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Forensic accounting has gained renewed attention due to recent accounting scandals, but it has always been a part of the profession. In fact, forensic accountants were credited with putting Al Capone in prison on tax-evasion charges.

Forensic Accountants: Specialists in Demand

Forensic accounting has gained renewed attention due to recent accounting scandals, but it has always been a part of the profession. In fact, forensic accountants were credited with putting Al Capone in prison on tax-evasion charges.

Whether it's nabbing gangsters, identifying corporate misdeeds or exposing terrorists, these specialists are in demand, with new opportunities emerging. According to Accounting Today, 60 percent of the top 100 accounting firms are expanding their forensic and fraud services.

Forensic accounting professionals are one part accountant, two parts detective and legal expert, and they are involved with a variety of projects, including fraud investigation and prevention. These professionals are also called upon to analyze business transactions and serve as expert witnesses during litigation. In addition, they often work with government organizations such as the Federal Bureau of Investigation, Central Intelligence Agency and Internal Revenue Service on initiatives such as searching for suspicious corporate financial activities and evaluating banking records of suspected terrorists.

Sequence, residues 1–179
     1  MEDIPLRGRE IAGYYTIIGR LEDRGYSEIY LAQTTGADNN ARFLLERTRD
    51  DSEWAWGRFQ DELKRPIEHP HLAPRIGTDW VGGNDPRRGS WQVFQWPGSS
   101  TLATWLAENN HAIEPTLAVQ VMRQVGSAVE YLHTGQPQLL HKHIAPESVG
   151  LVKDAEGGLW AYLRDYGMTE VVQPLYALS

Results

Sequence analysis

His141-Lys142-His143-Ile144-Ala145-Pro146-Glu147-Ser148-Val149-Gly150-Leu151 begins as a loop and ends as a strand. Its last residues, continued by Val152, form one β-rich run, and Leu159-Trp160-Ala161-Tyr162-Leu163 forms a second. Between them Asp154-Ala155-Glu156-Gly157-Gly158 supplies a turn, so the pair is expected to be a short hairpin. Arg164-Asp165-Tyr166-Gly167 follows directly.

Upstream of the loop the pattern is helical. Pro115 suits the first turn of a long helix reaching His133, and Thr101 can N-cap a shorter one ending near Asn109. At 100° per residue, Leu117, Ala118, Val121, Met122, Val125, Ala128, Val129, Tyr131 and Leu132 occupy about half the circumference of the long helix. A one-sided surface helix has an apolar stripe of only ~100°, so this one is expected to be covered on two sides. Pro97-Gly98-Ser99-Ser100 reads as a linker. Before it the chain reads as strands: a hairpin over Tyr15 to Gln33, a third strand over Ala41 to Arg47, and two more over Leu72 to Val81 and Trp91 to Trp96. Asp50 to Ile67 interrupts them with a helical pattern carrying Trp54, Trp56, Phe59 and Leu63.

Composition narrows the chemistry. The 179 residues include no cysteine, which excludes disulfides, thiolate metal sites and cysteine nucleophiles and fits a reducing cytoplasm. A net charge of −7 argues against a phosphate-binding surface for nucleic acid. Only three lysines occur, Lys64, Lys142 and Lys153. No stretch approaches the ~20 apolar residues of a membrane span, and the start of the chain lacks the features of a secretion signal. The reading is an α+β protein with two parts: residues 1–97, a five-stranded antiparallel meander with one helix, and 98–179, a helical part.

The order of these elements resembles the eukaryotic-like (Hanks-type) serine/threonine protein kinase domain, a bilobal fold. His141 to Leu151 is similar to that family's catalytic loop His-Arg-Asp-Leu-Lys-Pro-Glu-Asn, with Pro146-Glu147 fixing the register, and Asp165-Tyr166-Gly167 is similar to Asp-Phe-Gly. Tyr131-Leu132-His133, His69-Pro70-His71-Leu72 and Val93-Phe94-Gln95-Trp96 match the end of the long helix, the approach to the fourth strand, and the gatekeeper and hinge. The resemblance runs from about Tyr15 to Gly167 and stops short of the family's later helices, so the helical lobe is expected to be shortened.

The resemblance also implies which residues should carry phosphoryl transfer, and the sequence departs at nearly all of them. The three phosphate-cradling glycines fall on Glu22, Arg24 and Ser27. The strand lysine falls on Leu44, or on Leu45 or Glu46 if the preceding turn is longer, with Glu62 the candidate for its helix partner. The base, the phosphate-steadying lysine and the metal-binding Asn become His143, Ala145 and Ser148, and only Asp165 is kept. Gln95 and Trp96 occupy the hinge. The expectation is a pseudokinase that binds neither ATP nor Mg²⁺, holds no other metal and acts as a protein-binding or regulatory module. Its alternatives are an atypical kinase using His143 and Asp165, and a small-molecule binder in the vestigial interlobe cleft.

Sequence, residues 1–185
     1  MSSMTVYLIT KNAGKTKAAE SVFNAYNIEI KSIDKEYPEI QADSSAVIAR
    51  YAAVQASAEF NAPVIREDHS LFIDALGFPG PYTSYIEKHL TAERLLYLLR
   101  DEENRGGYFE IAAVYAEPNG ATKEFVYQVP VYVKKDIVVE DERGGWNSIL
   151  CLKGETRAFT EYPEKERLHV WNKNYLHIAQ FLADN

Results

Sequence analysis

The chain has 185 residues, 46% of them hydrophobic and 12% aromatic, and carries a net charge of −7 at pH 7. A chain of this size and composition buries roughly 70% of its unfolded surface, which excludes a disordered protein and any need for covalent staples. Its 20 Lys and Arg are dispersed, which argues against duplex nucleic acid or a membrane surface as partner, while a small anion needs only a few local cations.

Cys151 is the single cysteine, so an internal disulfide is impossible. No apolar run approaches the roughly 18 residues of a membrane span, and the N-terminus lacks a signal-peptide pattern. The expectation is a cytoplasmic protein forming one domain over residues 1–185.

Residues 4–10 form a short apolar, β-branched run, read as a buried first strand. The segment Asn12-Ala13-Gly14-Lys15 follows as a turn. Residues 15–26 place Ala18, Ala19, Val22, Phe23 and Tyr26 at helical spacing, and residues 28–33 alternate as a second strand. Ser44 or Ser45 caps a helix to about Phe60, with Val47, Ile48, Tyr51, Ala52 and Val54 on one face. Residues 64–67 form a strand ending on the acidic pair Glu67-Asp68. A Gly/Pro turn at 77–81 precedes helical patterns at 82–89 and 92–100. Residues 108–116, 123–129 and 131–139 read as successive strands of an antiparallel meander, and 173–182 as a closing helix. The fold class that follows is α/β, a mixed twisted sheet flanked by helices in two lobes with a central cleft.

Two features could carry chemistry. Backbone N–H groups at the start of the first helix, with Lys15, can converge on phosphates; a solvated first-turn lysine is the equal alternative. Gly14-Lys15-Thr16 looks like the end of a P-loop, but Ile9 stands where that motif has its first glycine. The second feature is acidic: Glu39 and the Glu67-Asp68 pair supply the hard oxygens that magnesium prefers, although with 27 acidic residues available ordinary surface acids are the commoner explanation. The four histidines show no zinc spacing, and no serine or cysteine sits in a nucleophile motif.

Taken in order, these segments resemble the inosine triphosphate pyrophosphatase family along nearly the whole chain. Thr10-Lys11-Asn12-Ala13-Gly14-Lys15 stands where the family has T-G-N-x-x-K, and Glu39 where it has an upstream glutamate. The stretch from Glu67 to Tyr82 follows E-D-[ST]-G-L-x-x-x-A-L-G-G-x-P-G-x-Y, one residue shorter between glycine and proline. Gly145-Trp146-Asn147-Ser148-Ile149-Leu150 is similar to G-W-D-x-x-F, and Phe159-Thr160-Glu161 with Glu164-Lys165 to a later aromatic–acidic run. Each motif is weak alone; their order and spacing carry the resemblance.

While there is not a traditional educational or career path to follow, forensic accountants typically possess a bachelor's degree in accounting or business administration, are certified public accountants (CPAs) and generally have experience in auditing or law enforcement. There are some professional certifications available, with the certified fraud examiner (CFE) the most common.

Required skill sets include accounting and analytical abilities, creative thinking, and communication skills, both written and verbal. A solid understanding of information technology is also important; forensic accountants should be familiar with how different systems can be used to commit as well as prevent fraud and be able to identify deficiencies in information systems and securities.

For more information on this specialty, you can review the American Institute of CPA's materials on the subject at http://www.aicpa.org/antifraud/homepage.htm.

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